Affordability tests will be the same as capital repayment mortgages and stress-tested in conditions of up to a 7% interest rate.

Predictions

Market research carried out by the Financial Conduct Authority and GfK found that by the year 2020, around 600,000 interest-only mortgages will mature. Almost half of all interest-only mortgages are predicted to have a shortfall and a third of shortfalls in 2020 are expected to be greater than £50,000.

For Independent Mortgage advice please contact us at Hoskin Mortgages for more information.

Clare Allen.

Hoskin Financial Planning Ltd is authorised and regulated by the Financial Conduct Authority number 613005. The guidance and/or advice contained in this website is subject to UK regulatory regime and is therefore restricted to consumers based in the UK. Think carefully before securing other debts against your home. Your home may be repossessed if you do not keep up repayments on a mortgage or any other debt secured on it.

Shared ownership

Shared ownership

10 tips to help you on your way

1) Manage your expectations, because housing associations are not charities. If you default on rent or a mortgage, your home may be repossessed. The association will not bail you out if your home falls into negative equity or if you struggle to find a buyer down the line.

2) You may be banned from subletting. This could mean no lodgers or live-in partners, and no earning a quick buck on Airbnb. Check before you buy.

3) You may need to pay stamp duty. Most buyers opt to pay just on the portion of the home they will own and, if this is less than £125,000, you will be exempt. If it is above, you will be hit with a bill, and if you buy an increased share of the property, you might have to pay extra stamp duty too- and you will need a solicitor to do your conveyancing.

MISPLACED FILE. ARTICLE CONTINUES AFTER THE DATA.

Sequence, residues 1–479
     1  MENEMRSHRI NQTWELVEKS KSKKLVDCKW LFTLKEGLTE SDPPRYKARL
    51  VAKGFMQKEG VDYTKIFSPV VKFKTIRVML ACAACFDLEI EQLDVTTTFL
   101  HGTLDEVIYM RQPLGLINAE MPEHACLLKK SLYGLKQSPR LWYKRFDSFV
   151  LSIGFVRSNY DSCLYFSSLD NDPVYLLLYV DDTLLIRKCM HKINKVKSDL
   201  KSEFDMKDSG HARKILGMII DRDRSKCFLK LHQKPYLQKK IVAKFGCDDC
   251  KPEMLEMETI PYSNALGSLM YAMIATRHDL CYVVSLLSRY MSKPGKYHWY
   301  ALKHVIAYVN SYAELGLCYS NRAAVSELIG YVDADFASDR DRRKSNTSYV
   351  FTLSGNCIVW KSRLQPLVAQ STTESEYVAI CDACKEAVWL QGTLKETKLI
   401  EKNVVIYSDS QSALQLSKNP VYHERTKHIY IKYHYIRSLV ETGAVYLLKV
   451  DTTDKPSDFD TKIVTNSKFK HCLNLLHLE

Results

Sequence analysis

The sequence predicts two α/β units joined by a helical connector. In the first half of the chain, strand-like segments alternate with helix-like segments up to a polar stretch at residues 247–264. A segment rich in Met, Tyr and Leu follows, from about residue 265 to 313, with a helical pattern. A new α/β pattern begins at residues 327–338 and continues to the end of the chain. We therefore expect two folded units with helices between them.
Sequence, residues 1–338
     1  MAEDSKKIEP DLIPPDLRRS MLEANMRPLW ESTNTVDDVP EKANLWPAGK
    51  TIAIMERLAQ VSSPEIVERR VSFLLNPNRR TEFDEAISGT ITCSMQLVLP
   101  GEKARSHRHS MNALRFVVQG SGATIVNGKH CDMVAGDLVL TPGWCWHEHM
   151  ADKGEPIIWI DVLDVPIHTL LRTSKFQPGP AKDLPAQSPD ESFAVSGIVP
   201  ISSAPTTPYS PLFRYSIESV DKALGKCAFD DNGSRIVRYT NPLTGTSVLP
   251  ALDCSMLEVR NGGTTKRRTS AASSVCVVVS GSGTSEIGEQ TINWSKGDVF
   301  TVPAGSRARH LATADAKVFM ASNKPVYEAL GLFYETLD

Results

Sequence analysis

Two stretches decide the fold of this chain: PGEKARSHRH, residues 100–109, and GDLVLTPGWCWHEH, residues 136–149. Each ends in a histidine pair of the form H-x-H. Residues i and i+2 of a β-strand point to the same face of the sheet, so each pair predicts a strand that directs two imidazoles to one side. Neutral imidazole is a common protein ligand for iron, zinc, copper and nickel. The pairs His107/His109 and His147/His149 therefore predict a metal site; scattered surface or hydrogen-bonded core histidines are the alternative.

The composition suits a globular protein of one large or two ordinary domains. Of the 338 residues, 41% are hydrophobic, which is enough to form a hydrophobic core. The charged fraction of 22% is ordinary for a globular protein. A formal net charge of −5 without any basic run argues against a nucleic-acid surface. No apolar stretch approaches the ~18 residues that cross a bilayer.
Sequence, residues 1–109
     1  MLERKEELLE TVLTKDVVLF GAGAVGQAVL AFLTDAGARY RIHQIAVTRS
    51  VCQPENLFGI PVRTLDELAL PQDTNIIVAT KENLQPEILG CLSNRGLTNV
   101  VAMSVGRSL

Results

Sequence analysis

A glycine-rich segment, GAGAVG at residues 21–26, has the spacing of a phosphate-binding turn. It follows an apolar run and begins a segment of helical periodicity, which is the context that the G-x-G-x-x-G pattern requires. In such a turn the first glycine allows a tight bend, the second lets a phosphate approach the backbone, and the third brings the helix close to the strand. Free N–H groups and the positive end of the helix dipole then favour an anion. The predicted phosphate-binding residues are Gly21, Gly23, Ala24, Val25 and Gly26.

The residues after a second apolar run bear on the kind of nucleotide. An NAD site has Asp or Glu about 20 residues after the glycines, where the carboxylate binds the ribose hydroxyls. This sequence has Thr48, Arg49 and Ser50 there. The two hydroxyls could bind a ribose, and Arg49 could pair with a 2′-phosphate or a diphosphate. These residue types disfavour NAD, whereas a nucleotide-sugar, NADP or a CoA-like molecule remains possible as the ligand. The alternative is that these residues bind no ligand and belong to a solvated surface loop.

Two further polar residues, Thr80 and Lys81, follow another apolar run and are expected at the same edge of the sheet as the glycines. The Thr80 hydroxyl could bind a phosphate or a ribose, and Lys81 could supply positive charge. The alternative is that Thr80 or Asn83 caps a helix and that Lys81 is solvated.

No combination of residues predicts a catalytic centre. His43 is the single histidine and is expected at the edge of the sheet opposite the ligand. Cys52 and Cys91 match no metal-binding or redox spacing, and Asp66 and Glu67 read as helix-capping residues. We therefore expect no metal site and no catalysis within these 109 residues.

4) Rents usually increase annually, based on the Retail Price Index, plus one per cent. Over a year, this will add about £100 to £150 to the running costs of a £250,000 property (full price).

5) Don’t get seduced by the idea of fabulous extras, such as swimming pools. Shared owners are usually, and rather unfairly, excluded from using them. They also often have to use a different front door to people who have bought on the open market. “Poor doors” segregate lower-income residents, and are widely considered a scandal.

6) Shared owners often also get shunted to the worst part of a development – overlooking railway lines, a busy road, or on lower floors with no views. Ask to see a model, and certainly detailed plans, of the entire development.

7) As with any new home, you must find out how long the development around you is going to take to complete. Shared-ownership sections often get built early, which could mean years of building noise. And what if you want – or need – to sell up within a year or two.

8) Take a cool-headed look at potential price growth. If new transport links are planned, it will be a good bet. If it is in a run-down location with no sniff of regeneration, then you will be the first to be hit when any downturn happens.

9) When you want to sell, you might not be able to take full advantage of the market. The housing association will first offer the property to buyers on its waiting list for a set price (based on an independent estimate) and will not get into any bidding wars. On the plus side, there’s no gazumping or gazundering. If it does not sell, you will be able to pitch it on the open market.

10) You aren’t likely to become a property millionaire. If you buy a 50 per cent share of £500,000 flat and its price rises by 20 per cent, when you sell, you will make £50,000. However, you have to pay a fee to the housing association if it markets the property. If you sell through an estate agent, you will pay a fee of up to 3.5 per cent of the entire selling price. This could knock as much as £21,000 off your profit, so shop around for agents with lower rates.

For more help and advice please do not hesitate to contact us @HoskinMortgages